Although the department of contemporary art is new to the IU Eskenazi Museum of Art, the museum has always collected art from the present moment. When Donald Judd’s Untitled was acquired in 1979, the work had been made just the year before. Four decades later, the wall-mounted stack of brass rectangular prisms exemplifies the daring and controversial practices of minimalism and seriality that defined Judd’s work and influenced later generations of artists. A 2019 sculpture by Steven Naifeh, Desert Rose, echoes Judd’s interest in patterns of repetition with its vertically climbing discs inspired by the natural phenomenon of crystal formation. This work, which was commissioned in response to the museum’s I. M. Pei–designed building, fills a niche in the second floor of the Thomas T. Solley Atrium in the spirit of a votive figure, like some of those on display in the Ancient, Asian, and Islamic galleries next to it. Contemporary art is defined by the moment it which it was made. In that sense, all art was once contemporary, no matter how long ago it was created.
Artists often look back at the history of art for inspiration. In Flight of A Thousand Birds the Pakistani-born American artist Anila Agha draws on traditional decorative patterns associated with Islam. The vegetal patterns in this laser-cut steel disc were adopted by Muslims from earlier motifs of the Byzantine Mediterranean and Sasanian Iran. In this way, Agha’s contemporary interpretation considers how all artistic traditions are always hybrids of earlier cultures. Similarly, the metal tapestry by the Ghanaian artist El Anatsui reflects longstanding traditions of Western African art seen in Ghanian metalwork, such as this Akan gold dust box and Soul Washer’s Badge that are also in the museum’s collection. Anatsui’s sculptures, which are flexible like fabric, resemble the construction of Asante wrappers, which are also stitched together from smaller pieces of patterned fabric.
Since the fall of the Berlin Wall in 1989 and the globalization of the world economy, contemporary art has taken on transnational and materially diverse characteristics. For example, El Anatsui makes his tapestries from bottle caps secured together with copper wire. These caps are mostly from Nigerian liquor bottles and refer to the triangle trade that took enslaved people from Africa to the Americas for sugar cane harvesting and returned distilled alcohol to the continent. Conversely, Naifeh’s sculpture was digitally modeled and 3D-printed simultaneously in the United States and Europe. Although similar in material appearance, London-based artist and designer Paul Cocksedge’s A Gust of Wind was created manually. Adorning the ceiling of the museum’s Luzetta and Del Newkirk Café and Gift Shop, the installation imagines a stack of papers blown into the air and frozen in time. Unlike Naifeh’s printed column, Cocksedge shaped each individual sheet of his sculpture by hand, arranging them in a digital model before suspending them on-site with a network of wires. As the world continues to grow and change, so too will the directions taken by the contemporary artists who respond to it with their art.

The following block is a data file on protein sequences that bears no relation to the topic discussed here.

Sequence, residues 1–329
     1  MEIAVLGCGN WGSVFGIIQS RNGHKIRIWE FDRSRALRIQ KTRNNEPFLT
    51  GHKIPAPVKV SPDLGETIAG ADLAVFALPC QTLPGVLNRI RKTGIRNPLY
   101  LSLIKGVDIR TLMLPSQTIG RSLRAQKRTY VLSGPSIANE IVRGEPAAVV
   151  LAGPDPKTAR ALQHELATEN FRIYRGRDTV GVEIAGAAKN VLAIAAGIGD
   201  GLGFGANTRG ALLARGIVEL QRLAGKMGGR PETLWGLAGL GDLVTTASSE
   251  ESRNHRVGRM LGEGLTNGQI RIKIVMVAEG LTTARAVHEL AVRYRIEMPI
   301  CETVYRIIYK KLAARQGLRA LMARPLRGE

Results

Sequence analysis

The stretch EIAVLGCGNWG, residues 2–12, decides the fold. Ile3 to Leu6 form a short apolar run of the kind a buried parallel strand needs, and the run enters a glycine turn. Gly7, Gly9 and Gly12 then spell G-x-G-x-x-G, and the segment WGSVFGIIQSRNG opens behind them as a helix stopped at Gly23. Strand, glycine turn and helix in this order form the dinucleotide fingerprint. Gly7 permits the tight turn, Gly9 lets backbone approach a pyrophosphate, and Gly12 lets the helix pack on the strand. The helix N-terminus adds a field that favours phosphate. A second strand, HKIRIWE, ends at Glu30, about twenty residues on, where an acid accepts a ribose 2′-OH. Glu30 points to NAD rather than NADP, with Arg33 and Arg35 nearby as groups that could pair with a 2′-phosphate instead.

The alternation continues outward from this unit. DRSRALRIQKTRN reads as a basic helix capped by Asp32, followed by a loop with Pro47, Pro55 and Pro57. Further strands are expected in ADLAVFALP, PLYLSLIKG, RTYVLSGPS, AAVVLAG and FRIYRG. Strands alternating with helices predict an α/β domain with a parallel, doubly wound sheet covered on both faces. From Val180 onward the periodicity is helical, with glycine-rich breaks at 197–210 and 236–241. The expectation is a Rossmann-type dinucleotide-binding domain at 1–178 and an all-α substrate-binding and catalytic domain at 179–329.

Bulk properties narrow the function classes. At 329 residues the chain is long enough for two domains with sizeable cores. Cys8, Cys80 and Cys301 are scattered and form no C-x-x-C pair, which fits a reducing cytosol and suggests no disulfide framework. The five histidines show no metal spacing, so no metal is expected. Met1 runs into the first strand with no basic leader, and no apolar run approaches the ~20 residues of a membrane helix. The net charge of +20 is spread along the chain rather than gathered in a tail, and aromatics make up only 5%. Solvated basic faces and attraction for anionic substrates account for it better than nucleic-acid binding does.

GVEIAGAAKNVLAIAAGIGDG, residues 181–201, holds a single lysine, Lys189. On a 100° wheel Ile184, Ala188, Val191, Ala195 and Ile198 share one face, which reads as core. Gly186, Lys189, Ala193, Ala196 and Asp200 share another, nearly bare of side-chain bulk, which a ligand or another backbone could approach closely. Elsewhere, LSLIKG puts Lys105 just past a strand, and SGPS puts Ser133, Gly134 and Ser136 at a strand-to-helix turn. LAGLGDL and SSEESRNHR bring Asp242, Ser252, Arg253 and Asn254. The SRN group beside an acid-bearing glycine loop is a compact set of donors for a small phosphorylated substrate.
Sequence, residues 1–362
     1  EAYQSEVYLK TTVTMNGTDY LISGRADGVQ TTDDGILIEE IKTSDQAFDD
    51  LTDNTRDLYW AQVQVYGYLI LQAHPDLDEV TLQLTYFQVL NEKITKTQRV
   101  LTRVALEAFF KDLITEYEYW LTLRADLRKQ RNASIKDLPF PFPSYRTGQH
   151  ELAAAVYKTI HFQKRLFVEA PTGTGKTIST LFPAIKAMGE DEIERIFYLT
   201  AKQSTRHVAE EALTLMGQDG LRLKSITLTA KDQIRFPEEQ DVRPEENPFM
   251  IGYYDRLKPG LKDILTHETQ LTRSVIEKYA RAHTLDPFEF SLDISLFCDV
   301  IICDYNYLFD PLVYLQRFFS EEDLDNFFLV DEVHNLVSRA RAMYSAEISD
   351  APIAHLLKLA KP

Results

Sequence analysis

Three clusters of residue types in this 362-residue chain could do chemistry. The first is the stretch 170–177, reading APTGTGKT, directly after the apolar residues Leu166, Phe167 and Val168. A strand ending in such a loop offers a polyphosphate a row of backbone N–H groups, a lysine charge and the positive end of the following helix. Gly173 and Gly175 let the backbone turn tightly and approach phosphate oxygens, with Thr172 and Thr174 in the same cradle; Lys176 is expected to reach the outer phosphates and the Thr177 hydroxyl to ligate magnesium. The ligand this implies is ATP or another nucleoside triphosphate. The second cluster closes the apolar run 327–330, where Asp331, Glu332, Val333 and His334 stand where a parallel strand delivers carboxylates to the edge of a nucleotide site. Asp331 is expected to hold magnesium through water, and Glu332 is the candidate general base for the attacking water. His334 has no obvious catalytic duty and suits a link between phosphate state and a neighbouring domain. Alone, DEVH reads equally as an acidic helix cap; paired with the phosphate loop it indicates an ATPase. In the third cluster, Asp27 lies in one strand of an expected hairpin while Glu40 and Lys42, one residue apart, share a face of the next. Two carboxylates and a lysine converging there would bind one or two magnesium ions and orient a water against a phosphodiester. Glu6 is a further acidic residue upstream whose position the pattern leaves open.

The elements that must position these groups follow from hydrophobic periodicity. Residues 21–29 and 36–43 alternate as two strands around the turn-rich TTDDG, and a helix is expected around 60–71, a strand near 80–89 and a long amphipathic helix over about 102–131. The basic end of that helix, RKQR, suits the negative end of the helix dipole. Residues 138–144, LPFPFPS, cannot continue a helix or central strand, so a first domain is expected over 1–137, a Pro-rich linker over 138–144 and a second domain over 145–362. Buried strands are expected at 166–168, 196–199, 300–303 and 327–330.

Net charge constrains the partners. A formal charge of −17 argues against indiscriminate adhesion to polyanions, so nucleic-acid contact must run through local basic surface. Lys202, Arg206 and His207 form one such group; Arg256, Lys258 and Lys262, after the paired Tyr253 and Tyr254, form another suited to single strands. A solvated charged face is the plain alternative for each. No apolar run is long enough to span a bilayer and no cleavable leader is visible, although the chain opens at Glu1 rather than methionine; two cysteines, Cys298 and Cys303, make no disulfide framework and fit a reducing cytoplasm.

Curator of Contemporary Art
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Reichert, Elliot. "Contemporary Art at the IU Eskenazi Museum of Art." Collections Online. Sidney and Lois Eskenazi Museum of Art, Indiana University, 2020. https://artmuseum.indiana.edu/collections-online/features/contemporary-art-at-the-eskenazi.php.